On July 4, Mark Cuban tweeted that it was the anniversary of the date he left Indiana University in Bloomington "with $60, hole in my floorboard, case of oil in the trunk & a floor to sleep on in Dallas."
A few days later, Cuban, then 23, moved in to a $600-a-month three-bedroom apartment with five other guys.
"Literally, Cuban landed on our doorstep flat-busted broke," Greg Schipper, one of those roommates, tells the Dallas News.
Besides having no money, Cuban, who his roommates nicknamed "Slobbins," according to the Dallas News, had student loan debt.
So how did Cuban become the billionaire he is today?
"I had nothing. So I had nothing to lose, right? It was all about going for it," says Cuban.
In Dallas, Cuban got a job at a company called Your Business Software. "I sold software and I got fired," says Cuban, on Arianna Huffington's The Thrive Global Podcast.
"I got fired because he wanted me to open up the store. It was a software retail store — I had to sweep the floor, make sure the windows were clean, make sure the store was open on time.
"I had a big deal I wanted to close. And I thought, 'Okay, I'm gonna let Michael (his name was Michael) know that I've got everything taken care of, someone's watching my shift if you will, and I'm gonna go pick up a $10,000 check,'" he tells Thrive Global.
"I figured when I came back he'd be thrilled to death, right? Fired me on the spot," says Cuban.
"I had quit or been fired from three straight jobs," says Cuban on ABC's "Shark Tank," where he is a judge.
But the experience was not wasted.
Cuban had never been into technology: "I took one computer class and cheated at it," he says.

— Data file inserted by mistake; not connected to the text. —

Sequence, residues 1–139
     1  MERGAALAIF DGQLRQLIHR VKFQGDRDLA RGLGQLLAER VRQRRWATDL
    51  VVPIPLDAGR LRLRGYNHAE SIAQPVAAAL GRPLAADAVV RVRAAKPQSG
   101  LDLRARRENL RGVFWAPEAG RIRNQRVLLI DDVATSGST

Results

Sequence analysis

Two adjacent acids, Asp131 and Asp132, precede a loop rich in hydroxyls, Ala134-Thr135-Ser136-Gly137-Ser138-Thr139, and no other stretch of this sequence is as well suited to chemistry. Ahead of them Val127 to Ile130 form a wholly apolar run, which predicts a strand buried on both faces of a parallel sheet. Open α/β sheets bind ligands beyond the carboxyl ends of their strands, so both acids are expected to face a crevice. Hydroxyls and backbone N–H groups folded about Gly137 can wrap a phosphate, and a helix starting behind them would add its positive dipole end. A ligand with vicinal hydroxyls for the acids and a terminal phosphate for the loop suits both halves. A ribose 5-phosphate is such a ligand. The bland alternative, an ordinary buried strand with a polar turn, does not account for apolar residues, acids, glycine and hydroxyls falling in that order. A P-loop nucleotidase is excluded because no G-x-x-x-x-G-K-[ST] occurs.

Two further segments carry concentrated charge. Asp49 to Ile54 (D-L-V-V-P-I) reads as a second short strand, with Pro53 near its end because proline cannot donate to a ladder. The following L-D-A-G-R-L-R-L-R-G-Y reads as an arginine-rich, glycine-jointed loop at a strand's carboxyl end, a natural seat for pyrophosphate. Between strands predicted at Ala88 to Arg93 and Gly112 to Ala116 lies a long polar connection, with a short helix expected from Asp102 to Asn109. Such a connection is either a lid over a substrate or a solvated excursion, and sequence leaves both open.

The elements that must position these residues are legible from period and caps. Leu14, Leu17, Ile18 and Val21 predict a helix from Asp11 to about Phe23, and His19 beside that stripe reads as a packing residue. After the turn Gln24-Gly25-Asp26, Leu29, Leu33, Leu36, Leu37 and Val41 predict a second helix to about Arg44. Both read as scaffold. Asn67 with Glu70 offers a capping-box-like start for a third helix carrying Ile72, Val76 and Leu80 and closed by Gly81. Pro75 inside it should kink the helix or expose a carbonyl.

"But when I got one of my first jobs out of school using technology, it was like, wait, I love this. I've taught myself the program, I could go seven hours, eight hours without taking a break thinking it was 10 minutes because I was concentrating so hard and so excited and really loved it. And that's when I realized that I can be really, really good at technology."
So Cuban started his own business, MicroSolutions. He sold it to CompuServe for $6 million in 1990.
Five years later, Cuban and a pal, Todd Wagner, created an online streaming audio service called Broadcast.com so they could listen to Hoosiers games in Texas. Yahoo acquired the business in 1999 for $5.7 billion in stock.
Cuban now owns the Dallas Mavericks basketball team, is an investor and stars on "Shark Tank."
Even as a billionaire, Cuban still stays on top of what's happening in the tech industry. He's currently taking a Python computer programming class and reading "Machine Learning for Dummies."
But these days, he doesn't have the same fire as when he only had that $60 in his pocket.
"The good news of having had the level of success I have is obvious, but the bad side is I kinda lost that piss and vinegar," says Cuban. "I can think of 50 businesses I could start right now ... but I don't want to give up time at home and all that. So that's kind of the trade off."
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This story has been revised to correct the amount at which Yahoo acquired Broadcast.com.